Demons of the Night  

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Kunstformen der Natur (1904) by Ernst Haeckel
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Kunstformen der Natur (1904) by Ernst Haeckel

Demons of the Night is an anthology of French fantastique (fantastic literature) translated into English edited by Joan C. Kessler, first published in 1995. Its full title is Demons of the Night: Tales of the Fantastic, Madness, and the Supernatural from Nineteenth-Century France.

From the publisher
Demons of the Night is a trove of haunting fiction—a gathering, for the first time in English, of the best nineteenth-century French fantastic tales. Featuring such authors as Balzac, Mérimée, Dumas, Verne, and Maupassant, this book offers readers familiar with the works of Edgar Allan Poe and E. T. A. Hoffmann some of the most memorable stories in the genre. With its aura of the uncanny and the supernatural, the fantastic tale is a vehicle for exploring forbidden themes and the dark, irrational side of the human psyche.

The anthology opens with "Smarra, or the Demons of the Night," Nodier's 1821 tale of nightmare, vampirism, and compulsion, acclaimed as the first work in French literature to explore in depth the realm of dream and the unconscious. Other stories include Balzac's "The Red Inn," in which a crime is committed by one person in thought and another in deed, and Mérimée's superbly crafted mystery, "The Venus of Ille," which dramatizes the demonic power of a vengeful goddess of love emerging out of the pagan past. Gautier's protagonist in "The Dead in Love" develops an obsessive passion for a woman who has returned from beyond the grave, while the narrator of Maupassant's "The Horla" imagines himself a victim of psychic vampirism.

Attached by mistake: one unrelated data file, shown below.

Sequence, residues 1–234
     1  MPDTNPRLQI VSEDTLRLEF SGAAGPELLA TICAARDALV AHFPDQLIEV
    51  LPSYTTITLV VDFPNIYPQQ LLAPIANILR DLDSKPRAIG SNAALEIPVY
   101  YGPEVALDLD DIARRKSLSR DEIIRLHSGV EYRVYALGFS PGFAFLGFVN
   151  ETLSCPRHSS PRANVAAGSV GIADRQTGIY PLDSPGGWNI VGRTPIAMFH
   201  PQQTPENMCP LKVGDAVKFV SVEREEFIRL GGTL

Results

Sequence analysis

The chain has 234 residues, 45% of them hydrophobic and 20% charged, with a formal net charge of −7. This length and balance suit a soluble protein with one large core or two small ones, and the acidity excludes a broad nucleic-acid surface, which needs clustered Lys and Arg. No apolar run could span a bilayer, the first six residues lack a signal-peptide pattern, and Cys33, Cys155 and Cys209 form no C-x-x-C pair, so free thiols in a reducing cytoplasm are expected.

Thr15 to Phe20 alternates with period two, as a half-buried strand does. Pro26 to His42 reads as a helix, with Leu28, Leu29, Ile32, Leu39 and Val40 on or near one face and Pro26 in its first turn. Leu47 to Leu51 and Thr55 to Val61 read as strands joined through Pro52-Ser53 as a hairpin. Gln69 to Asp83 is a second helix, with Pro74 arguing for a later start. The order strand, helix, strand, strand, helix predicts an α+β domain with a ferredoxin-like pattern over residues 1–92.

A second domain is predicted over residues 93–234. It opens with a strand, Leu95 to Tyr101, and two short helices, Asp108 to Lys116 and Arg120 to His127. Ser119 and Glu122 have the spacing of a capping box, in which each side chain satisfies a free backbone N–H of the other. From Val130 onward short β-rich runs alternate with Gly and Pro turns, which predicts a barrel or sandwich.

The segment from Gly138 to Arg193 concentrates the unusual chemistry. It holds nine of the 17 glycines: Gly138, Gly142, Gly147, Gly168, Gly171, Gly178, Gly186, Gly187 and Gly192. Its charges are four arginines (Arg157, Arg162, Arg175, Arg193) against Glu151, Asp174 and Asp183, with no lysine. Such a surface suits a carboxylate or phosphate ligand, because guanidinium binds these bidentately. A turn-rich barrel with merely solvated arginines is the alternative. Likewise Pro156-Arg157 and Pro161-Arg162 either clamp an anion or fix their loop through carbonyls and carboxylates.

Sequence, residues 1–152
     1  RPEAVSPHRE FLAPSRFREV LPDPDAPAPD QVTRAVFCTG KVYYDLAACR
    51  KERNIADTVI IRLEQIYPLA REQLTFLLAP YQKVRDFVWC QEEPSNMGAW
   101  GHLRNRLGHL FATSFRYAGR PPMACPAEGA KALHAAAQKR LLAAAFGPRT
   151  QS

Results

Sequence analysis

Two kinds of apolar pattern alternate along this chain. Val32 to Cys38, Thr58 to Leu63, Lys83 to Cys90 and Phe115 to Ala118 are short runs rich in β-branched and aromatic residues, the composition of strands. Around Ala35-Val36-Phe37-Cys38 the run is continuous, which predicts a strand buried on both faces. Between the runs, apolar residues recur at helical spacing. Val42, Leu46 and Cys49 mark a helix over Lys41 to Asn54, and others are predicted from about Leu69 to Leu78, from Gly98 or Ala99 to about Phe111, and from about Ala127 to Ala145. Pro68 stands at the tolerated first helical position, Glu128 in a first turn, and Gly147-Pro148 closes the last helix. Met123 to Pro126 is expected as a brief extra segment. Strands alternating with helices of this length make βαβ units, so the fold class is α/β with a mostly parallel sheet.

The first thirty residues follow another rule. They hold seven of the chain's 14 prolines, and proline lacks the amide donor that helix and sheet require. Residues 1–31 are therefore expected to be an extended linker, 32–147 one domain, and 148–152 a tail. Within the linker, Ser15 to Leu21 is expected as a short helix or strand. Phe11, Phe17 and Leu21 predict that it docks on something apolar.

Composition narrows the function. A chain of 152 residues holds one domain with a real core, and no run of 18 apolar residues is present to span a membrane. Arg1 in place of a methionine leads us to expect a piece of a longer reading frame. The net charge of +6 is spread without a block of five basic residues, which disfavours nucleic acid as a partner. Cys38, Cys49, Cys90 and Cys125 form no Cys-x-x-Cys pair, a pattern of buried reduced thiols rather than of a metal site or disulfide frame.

Joan Kessler has prepared new translations of nine of the thirteen tales in the volume, including Gérard de Nerval's odyssey of madness, "Aurélia," as well as two tales that have never before appeared in English. Kessler's introduction sets the background of these tales—the impact of the French Revolution and the Terror, the Romantics' fascination with the subconscious, and the influence of contemporary psychological and spiritual currents. Her essay illuminates how each of the authors in this collection used the fantastic to articulate his own haunting obsessions as well as his broader vision of human experience.

TABLE OF CONTENTS

Acknowledgments
Introduction by Joan C. Kessler
Charles Nodier
Smarra, or The Demons of the Night
Honore de Balzac
The Red Inn
Prosper Merimee
The Venus of Ille
Theophile Gautier
The Dead in Love
Arria Marcella
Alexandre Dumas
The Slap of Charlotte Corday
Gerard de Nerval
Aurelia, or Dream and Life
Jules Verne
Master Zacharius
Villiers de l'Isle-Adam
The Sign
Vera
Guy de Maupassant
The Horla
Who Knows?
Marcel Schwob
The Veiled Man
Notes



Unless indicated otherwise, the text in this article is either based on Wikipedia article "Demons of the Night" or another language Wikipedia page thereof used under the terms of the GNU Free Documentation License; or on original research by Jahsonic and friends. See Art and Popular Culture's copyright notice.

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